Lessons in Perseverance
Lindner MBA provided altafiber CEO Leigh R. Fox with a ‘toolkit’
By Julia Mace
Kindness and service to others are the principles that guide Leigh R. Fox, president and CEO of altafiber, formerly Cincinnati Bell.
As the leader of a near-150-year-old global technology company with 4,500 employees, Fox, MBA ’01, is quick to point out that his success is not just rooted in hard work, but also in the assistance he’s received along the way. This includes his graduate school experience at the Carl H. Lindner College of Business.
“Graduate school is a toolkit,” he said. “It gives you the ability to get better and better. What UC taught me was put your head down, be brave, take one step at a time.”
After earning his undergraduate degree in geology, Fox worked in oil exploration, traveling the globe for Schlumberger.
“As a geologist, I was like, ‘Who owns the company making duct tape? We use a lot of it!’” Fox said with a laugh. “I wanted to know where the money comes from and that made me interested in business.”
Applying for graduate school was an exercise in courage for Fox.
There is absolutely no way I’d be where I am today without the experience at UC. I learned to have the fortitude to work hard and be open to change.
Leigh R. Fox, MBA ’01
“I didn’t think I had a shot at UC since I had a geology degree and zero business background,” he said. But he was curious, especially about business.
Lindner’s one-year MBA program was attractive since he planned to leave his job and attend school full-time. Once he was accepted into the MBA program, Fox and his wife, Julia, were happy to return to his hometown.
“There were times I was scared to death,” he admitted. “I took Accounting 101 at night before starting grad school.”
Studying finance was not his first life challenge, as Fox’s childhood years were a lesson in perseverance. His mother, Judy, raised him and his two sisters as a single parent, and remained in jobs that weren’t ideal to support the family. Judy, whom Fox calls his hero, made certain her children understood that a college degree was essential.
“I probably grew up below the poverty line, though it didn’t feel like it, which is another amazing thing about my mom,” Fox said. “My sisters and I are all college graduates and two of us have graduate degrees.”
A first-generation student, Fox worked 40 hours a week while taking a full course load during his undergraduate years. Sometimes he struggled to stay awake in class. Unexpected kindness often appeared at just the right time. He recalled a professor asking him why he was falling asleep.
“I told her that I come to class between a gap at work and my body just shuts down when I sit,” Fox remembered.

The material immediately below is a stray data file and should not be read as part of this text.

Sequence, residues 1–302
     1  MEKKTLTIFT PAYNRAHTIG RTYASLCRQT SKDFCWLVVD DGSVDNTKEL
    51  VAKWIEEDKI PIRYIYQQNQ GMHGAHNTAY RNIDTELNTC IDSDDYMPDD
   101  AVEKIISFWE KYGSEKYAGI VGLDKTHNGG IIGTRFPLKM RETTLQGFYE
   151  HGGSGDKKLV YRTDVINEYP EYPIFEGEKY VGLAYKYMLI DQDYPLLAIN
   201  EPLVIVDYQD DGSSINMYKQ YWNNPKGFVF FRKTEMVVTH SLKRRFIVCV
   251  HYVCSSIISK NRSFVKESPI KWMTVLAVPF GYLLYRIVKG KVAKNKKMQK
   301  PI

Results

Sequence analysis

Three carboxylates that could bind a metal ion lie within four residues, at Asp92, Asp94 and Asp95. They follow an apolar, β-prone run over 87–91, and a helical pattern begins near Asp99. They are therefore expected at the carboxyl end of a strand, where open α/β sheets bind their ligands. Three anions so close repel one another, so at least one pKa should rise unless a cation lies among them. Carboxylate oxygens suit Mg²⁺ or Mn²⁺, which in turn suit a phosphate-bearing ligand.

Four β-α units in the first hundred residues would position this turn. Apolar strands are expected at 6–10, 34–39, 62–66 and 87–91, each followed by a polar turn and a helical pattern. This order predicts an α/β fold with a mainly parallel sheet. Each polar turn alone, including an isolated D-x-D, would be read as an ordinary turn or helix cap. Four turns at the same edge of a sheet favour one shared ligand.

Her solution? A pep talk on how school and work were two full-time jobs, along with the suggestion that she have him do jumping jacks if he was nodding off.
Fox recalled scholarship checks showing up in his mailbox right when he needed them most.
“I was barely getting by,” he said. “I recall thinking, ‘I’m going to give back someday. I’m going to do this for some kid.’”
He and Julia support UC students through scholarships at Lindner and the College-Conservatory of Music (CCM). Fox said his passion for the arts and his guitar lessons at CCM is something he regularly shares with altafiber employees.
“There are three legs to your stool that you should always be working on,” he said. “There’s work life, and your family, but there’s also you. A lot of times that third leg is forgotten about. For me, it’s playing the guitar.
“If you focus on making yourself happier, you’re a better parent, spouse or significant other — and you’re better for your company.”
It only makes sense to Fox to give back to the university that changed the trajectory of his life. Since joining Cincinnati Bell in 2001, his education at UC has informed everything from completing tasks, making decisions and taking on new roles, including that of president and CEO in 2017.
“There is absolutely no way I’d be where I am today without the experience at UC,” Fox said. “I learned to have the fortitude to work hard and be open to change.”
Recently, Cincinnati Bell rebranded to altafiber, representing its expanding geographic reach and growing fiber network delivering broadband connectivity.
“If you think about it, it’s daunting to change an iconic name like Cincinnati Bell,” he said. “UC taught me that if you make the right decision, focus on the fact that it is the right thing to do. If it is the right thing to do, do it.”
Fox has a desire to help the next generation, and this includes UC students.
“There’s some kid that’s going through college struggling financially, working a bunch of jobs, who is the next CEO,” he said. “You don’t know whether it’s the words that you use that they hear or the check you write to help them. You don’t know what’s going to inspire them, but something will. There are countless things that I heard or experienced when I was younger that were inspiring.”
Kindness and servant leadership guide Fox in his decisions at altafiber and as a parent to his and Julia’s four children. In 2017, he implemented a program giving altafiber employees 40 hours a year to volunteer. To date, more than 35,000 hours have been logged and $1 million donated to nonprofits.
Fox and Julia also support many local and national charities, reinforcing his desire to return the grace bestowed upon him.
“I think when you’re as fortunate as I have been, you haven’t gotten there alone,” Fox said. “You have a moral obligation to give back, period.”